The portable, easily expandable Microburst Automatic Detection (MAD) system can dramatically improve aviation safety. Mimicking the reasoning of a human observer on the lookout for weather hazards, MAD assesses such hazards quickly while avoiding human weaknesses such as fatigue. Timely alerts to pilots and air-traffic controllers allow traffic rerouting to begin sooner to save lives and property. MAD's high success rate in confirmed detections and extremely low false-positive rate, and its utility with various radar and radar data formats, make the system versatile and applicable as a radar upgrade package.

MAD is a simple, user-friendly system with a small number of adjustable parameters that allow for easy modification of the algorithm to better process data for a specific location or prevailing conditions. Fuzzy logic data analysis techniques are used to detect and identify the size and location of microburst activity within a radar image on a real-time basis, presenting the user with likelihood images of such activity.

The particular benefits of the fuzzy logic approach mean that the invention can be readily augmented with additional inputs, and thus refined and improved as new inputs become available. For example, MAD is adapted to detect both terrain-induced wind shear in clear air, and severe and moderate turbulence as part of a larger weather warning system. Another augmentation would be to feed output from a second radar or another meteorological measurement device into an expanded MAD algorithm system.

The Microburst Automatic Detection (MAD™ ) algorithm flowchart.

In action, MAD accepts a series of low-level radar scans and converts these values to two-dimensional likelihood images for shear, storms, and clutter, each image defining or distinguishing some characteristic of a microburst. A radar scan is transformed into a likelihood image through likelihood mapping, which uses input fields that include, but are not limited to, radial velocity, reflectivity, wind-shear estimates, and clutter maps. The combined likelihood image is then processed with pattern-matching techniques to produce a final smoothed likelihood image. The set of point locations of interest that are above a predetermined threshold in the final likelihood images are built into connected regions, whose boundaries define a microburst footprint. Such footprints are represented as polygons and can be overlaid on a polar or Cartesian coordinate map of the airport region.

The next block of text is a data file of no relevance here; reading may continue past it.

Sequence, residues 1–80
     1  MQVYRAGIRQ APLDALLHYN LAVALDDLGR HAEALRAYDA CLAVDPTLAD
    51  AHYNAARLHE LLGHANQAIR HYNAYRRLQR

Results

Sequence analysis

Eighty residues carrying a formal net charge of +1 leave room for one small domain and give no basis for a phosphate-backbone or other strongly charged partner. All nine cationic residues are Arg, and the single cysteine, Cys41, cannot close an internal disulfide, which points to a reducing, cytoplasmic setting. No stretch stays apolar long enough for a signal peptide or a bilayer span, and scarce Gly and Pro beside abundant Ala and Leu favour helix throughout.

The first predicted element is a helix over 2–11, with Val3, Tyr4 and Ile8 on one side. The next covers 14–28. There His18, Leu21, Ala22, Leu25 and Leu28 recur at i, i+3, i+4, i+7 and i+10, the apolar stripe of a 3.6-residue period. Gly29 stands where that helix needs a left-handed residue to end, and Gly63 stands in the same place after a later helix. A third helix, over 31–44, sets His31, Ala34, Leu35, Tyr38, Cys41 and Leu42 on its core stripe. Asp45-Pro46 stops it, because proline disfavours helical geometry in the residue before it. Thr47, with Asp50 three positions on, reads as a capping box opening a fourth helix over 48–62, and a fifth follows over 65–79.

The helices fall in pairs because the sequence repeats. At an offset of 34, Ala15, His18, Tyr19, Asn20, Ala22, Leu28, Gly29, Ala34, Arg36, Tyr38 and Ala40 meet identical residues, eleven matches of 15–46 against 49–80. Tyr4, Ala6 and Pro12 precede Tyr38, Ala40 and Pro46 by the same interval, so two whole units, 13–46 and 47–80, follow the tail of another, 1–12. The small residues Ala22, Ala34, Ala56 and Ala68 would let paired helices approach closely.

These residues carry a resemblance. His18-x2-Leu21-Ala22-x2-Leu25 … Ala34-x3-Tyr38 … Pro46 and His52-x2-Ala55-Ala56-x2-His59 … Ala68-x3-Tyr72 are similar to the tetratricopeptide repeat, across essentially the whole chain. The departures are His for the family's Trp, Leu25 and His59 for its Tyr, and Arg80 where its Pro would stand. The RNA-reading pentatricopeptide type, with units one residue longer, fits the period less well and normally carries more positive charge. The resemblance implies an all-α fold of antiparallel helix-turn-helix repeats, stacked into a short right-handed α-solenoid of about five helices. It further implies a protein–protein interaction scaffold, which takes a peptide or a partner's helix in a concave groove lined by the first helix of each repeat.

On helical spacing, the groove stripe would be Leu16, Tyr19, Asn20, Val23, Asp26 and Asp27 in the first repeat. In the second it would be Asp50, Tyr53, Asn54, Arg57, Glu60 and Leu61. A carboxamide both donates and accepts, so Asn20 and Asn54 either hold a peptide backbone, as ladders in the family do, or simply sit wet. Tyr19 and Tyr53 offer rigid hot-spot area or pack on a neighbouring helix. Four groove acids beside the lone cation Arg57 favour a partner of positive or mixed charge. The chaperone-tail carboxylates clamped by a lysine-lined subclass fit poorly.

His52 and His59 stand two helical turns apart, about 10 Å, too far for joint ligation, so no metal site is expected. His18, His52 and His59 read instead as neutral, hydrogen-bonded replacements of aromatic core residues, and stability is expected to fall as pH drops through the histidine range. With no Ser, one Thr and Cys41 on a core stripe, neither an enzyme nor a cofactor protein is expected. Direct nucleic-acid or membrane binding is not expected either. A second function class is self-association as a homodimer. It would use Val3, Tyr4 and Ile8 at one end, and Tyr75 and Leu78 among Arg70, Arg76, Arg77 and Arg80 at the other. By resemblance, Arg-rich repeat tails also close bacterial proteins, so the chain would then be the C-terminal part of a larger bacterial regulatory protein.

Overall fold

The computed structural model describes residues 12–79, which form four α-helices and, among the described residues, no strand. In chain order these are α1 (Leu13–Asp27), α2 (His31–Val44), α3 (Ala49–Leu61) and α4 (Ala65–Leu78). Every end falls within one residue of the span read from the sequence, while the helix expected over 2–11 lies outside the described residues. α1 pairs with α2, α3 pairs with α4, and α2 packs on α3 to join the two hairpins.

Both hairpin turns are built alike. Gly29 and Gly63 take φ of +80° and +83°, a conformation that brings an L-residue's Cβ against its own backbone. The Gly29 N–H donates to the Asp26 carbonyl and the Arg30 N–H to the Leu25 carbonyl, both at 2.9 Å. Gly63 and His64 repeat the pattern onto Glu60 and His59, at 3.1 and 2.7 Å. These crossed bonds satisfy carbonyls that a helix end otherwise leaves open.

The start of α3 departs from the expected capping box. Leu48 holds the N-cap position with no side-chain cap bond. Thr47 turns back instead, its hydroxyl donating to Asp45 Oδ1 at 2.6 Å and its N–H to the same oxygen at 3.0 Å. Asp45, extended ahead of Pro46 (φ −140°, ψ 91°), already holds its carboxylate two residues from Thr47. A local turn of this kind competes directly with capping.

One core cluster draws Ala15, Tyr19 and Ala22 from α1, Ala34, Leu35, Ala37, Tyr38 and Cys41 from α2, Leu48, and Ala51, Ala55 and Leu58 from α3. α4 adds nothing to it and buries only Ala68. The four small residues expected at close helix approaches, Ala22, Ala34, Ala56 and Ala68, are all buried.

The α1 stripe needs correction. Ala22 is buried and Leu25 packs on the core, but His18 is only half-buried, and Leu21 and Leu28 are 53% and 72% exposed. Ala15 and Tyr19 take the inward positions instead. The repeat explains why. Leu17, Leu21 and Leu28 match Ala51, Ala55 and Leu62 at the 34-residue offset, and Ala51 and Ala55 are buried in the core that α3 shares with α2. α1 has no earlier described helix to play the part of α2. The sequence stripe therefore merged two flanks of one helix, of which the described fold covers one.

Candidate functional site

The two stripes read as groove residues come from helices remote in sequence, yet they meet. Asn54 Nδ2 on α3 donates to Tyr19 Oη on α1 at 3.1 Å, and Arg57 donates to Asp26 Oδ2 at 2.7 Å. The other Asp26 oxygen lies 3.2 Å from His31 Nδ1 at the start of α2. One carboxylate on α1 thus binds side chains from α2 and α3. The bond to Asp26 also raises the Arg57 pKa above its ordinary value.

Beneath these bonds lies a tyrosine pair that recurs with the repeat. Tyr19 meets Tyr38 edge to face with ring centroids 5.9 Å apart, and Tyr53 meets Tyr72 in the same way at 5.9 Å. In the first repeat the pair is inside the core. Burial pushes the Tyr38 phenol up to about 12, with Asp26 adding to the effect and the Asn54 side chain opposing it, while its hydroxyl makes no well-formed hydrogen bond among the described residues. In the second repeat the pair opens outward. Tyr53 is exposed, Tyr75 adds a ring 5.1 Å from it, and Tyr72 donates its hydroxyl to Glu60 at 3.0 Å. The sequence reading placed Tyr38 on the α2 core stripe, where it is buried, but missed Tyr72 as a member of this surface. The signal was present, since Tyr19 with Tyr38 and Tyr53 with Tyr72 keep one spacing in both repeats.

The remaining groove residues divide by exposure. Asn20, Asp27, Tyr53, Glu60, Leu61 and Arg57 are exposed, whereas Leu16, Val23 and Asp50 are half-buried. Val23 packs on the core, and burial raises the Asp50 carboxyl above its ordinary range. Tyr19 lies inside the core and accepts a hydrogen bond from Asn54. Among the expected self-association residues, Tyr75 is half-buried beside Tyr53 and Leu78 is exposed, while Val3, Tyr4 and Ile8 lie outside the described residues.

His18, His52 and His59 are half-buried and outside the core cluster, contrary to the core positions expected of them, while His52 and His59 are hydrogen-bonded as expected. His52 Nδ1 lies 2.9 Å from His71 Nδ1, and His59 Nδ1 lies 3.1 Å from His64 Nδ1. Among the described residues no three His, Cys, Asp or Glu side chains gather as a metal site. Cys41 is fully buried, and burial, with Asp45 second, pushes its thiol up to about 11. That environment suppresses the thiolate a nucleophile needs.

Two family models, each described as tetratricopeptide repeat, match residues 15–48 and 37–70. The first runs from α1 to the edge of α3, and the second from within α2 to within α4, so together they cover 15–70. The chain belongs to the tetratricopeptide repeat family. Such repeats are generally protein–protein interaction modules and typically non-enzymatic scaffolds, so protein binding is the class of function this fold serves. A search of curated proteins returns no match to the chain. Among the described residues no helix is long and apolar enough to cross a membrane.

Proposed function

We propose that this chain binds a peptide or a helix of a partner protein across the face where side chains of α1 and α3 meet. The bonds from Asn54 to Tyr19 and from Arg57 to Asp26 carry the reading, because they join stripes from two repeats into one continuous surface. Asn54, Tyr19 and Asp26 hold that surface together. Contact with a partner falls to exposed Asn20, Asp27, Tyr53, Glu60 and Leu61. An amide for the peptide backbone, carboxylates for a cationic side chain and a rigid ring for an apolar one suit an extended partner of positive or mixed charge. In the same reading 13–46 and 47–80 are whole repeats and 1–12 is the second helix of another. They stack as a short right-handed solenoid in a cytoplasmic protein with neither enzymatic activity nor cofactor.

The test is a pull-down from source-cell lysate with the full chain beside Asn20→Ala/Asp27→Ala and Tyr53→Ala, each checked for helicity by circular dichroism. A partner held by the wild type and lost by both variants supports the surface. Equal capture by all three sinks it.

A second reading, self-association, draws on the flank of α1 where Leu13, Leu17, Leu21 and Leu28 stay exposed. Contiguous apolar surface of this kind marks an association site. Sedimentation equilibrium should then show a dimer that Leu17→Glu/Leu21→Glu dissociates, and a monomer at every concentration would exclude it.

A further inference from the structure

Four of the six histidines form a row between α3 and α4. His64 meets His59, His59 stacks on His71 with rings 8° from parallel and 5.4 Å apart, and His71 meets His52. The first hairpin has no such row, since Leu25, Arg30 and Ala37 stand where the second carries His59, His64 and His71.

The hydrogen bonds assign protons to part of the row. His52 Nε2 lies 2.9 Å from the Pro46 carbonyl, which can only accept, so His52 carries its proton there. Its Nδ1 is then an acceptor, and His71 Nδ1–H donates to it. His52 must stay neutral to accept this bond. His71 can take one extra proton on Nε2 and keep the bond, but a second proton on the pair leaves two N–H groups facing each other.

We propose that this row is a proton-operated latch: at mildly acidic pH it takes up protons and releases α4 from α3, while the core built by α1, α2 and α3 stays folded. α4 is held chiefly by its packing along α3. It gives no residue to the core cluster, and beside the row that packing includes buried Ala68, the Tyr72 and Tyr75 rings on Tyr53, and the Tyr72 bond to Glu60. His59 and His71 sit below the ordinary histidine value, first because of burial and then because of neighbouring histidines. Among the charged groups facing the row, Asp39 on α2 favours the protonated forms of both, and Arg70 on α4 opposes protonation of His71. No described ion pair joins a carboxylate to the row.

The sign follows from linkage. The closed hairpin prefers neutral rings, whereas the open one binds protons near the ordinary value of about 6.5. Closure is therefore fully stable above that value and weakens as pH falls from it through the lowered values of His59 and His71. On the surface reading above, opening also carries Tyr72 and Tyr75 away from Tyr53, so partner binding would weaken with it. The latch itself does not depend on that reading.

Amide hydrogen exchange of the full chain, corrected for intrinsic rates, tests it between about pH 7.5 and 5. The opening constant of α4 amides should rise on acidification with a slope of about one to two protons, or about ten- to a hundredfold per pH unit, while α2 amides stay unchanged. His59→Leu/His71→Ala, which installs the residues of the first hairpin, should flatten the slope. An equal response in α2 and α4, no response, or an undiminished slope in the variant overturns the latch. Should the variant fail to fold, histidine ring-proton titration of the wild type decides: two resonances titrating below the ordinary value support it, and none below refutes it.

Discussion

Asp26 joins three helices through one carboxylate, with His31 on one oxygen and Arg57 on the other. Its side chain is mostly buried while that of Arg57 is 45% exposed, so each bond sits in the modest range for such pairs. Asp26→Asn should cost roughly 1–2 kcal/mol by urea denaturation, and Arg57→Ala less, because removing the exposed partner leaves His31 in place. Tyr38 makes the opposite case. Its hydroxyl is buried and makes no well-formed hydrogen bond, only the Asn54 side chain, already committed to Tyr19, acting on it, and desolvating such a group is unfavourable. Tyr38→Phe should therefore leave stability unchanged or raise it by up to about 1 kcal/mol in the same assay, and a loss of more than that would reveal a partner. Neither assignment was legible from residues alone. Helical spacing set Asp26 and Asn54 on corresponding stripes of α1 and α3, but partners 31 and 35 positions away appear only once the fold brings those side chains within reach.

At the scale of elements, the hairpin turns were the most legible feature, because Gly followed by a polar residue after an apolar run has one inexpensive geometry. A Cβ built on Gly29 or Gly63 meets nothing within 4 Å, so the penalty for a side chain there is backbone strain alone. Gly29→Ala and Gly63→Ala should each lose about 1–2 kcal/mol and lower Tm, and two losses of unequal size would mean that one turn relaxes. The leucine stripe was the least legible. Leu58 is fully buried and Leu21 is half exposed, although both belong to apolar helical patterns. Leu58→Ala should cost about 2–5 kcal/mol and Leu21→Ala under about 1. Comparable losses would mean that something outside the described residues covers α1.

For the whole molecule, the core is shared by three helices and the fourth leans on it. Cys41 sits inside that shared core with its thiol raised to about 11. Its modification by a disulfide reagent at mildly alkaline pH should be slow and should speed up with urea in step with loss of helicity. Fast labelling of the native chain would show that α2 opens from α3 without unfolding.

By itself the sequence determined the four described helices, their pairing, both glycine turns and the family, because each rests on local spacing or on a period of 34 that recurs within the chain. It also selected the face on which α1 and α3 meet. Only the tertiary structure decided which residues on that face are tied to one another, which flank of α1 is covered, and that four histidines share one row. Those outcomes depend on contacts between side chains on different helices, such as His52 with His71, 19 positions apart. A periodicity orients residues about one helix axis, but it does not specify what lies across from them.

Developers of MAD have also noted significant parallels between decision-making based upon a radar image and medical imaging technologies, concluding that there may be strong potential for application of the MAD algorithm system to the computer-aided diagnosis of breast cancers. A system would be based on fuzzy logic data-weighting analysis to process CAT scan, x-ray, or MRI scan image data and other medical data automatically to quickly alert a radiologist or physician to the location of malignancies. In particular, higher accuracy and lower false-positive/negative identifications could improve diagnosis and save lives.

The MAD system was developed by Dave Albo and Dr. Kent Goodrich of the Research Applications Program at the University Corporation for Atmospheric Research, sponsored by the Federal Aviation Administration and the National Science Foundation. Inquiries concerning rights for the commercial use of this invention should be addressed to

Technology Commercialization Program
University Corporation for Atmospheric Research Foundation
PO Box 3000
Boulder, CO 80307
(303) 497-8588
fax: (303) 497-8561
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